On the other hand BREW is very cumbersome API, requiring you as developer to take care of all error conditions (the API is defined in C, thus there's no exceptions mechanism.) The good thing is that C++ allows you to write very efficient code and with the time we have developed pretty good framework, but even now, a BREW app is ~2 times slower to write than Java. And not to mention the memory leaks, stale pointers, failed MALLOC's and etc. When a BREW app crashes, most of the time you have to reset the phone. If it is your personal phone, there's a good chance that your personal info (contacts, bookmarks) is corrupted, and so on and so on...

    I'm not to say that BREW is a bad API. It's pretty simple, consisted, kind of low level, but that's a matter of preference.

    Final difference is the approach to the comunity. With BREW, you can't upload applications on the phone unless it is debug enapled by the telecom provider or Quallcom themselves. You have to pay $400 for Verisign certificate in order to subscribe to their developer network and get the tools for uploading to the phone. Also you have to give at least $1500 more for ARM compiler, since GCC generates much larger code. And finally you have to submit your application to the BREW Testing Labs, which costs ~$1000 per try. When your application is certified, the users can download it only from the telecom's website (while with java I can publish my own applis).

    All this ammounts that for persons and small companies Java is much better, not because of the techicalties, but because it's affordable, it gets the job done faster and it works just fine for the 99% of the applications you would write.

    (still, since KDDI signed with Qualcomm and now are phasing out Java, some of us have no choice...)

    -- dimitar
  7. Couldn't agree more[ Go to top ]

    This comment says it all. On top of that the awkward integration of MIDP (2) with mobile devices, its poor speed, startup behavior and memory consumption make it ill suited for the mass market. It may still be nice for corporate applications though and it is far easier to develop using Java than, say Symbian C++, not because of the language, but because the development environments....
    Karl, I'm Not sure what type of 'mass market applications' we're talking about here. I would like to see the possible J2ME apps in three categories:

    1. Simple utility programs, examples - take any palm3.x-like applications. I
    don't think you J2ME loses any grounds here... It may take couple of seconds more to load, but when we talk about the mass-market applications, the most important you'd look for is the customer base you can target. You can develop a great desktop game for the Pocket PC would you see the 'mass' business? I'm sure you'll port it 3 more platforms. That's where Java comes. Look at the MIDP. I've seen the MIDP/CLDC implemented on the phones where no symbian/BREW/PPC is there (Siemens SL45i). For the end user, what matters is getting the application first, everything else would come next.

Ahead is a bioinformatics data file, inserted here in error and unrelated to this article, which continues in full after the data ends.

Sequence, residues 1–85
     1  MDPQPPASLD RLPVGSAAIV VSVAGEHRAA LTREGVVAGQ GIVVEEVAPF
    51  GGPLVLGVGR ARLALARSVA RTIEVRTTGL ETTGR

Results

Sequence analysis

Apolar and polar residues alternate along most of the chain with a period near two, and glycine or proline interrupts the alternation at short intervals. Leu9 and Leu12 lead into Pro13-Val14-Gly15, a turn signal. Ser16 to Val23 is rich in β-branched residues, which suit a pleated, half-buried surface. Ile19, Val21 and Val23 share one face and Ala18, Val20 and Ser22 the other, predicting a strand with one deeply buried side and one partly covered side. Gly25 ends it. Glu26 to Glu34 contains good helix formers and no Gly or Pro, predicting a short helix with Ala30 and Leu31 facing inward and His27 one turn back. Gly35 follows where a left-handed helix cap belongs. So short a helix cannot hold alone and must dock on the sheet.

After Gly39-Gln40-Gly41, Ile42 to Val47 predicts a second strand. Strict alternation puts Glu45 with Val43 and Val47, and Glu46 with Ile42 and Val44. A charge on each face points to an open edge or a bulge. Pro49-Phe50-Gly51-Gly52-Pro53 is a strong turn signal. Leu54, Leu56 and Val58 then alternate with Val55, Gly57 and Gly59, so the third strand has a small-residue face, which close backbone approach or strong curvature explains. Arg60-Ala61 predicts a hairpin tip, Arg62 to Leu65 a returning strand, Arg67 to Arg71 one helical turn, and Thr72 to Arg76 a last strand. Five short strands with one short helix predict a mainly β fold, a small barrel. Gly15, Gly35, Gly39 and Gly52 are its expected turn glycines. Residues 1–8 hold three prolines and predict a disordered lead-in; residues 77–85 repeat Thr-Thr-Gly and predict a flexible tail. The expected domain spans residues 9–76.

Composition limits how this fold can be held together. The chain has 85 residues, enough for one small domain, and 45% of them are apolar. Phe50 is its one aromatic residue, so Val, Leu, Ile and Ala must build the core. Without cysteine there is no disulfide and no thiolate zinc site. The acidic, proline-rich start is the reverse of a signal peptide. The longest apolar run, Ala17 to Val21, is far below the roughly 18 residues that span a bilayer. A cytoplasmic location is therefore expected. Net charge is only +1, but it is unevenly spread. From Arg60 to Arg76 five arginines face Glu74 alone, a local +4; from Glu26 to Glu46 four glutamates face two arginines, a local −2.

2. Gaming applications. I thought this is where Java would get the maximum benefit. People are going to download new games every other day, play it for a while and delete it, and download a new one. This means, if you're a developer, every month you'll have 3 new games, to be ported to 20 available phones.. Imagine your life without Java... I can't. And again, I can go to my user saying that your Symbian game is very fast - superb performance, but the J2ME guys will get 3 games and month, and you'll get one every 2 months.. If my user is really game-savvy - he is going to buy a new J2ME phone for himself.

    3. Enterprise applications. I guess, I don't need to say anything here. You already agree that Java would be good here. (However, the fun part is, I believe that native apps are better here, as you neither change the apps nor change the supported phones/platforms that frequently. Also, typically these apps are distributed in a limited-controlled group.)

    Peace.
    Viral
  8. If MS can do it then way to go Sun[ Go to top ]

    Hey Sun is finally learning M$ trick bundle it with the OS and then claim everyone uses it (IE, MSN,.....)
    Hmm, wishful thinking from Sun methinks. The dominant OS on mobile devices is a firefight between Symbian, Java, PocketPC and Brew. The applications on native OS are currently more powerful than the J2ME ones. Just because a mobile device is shipped as Java enabled does'nt mean the applications will be Java by default.
  9. Railroads and Java: History Repeats Itself[ Go to top ]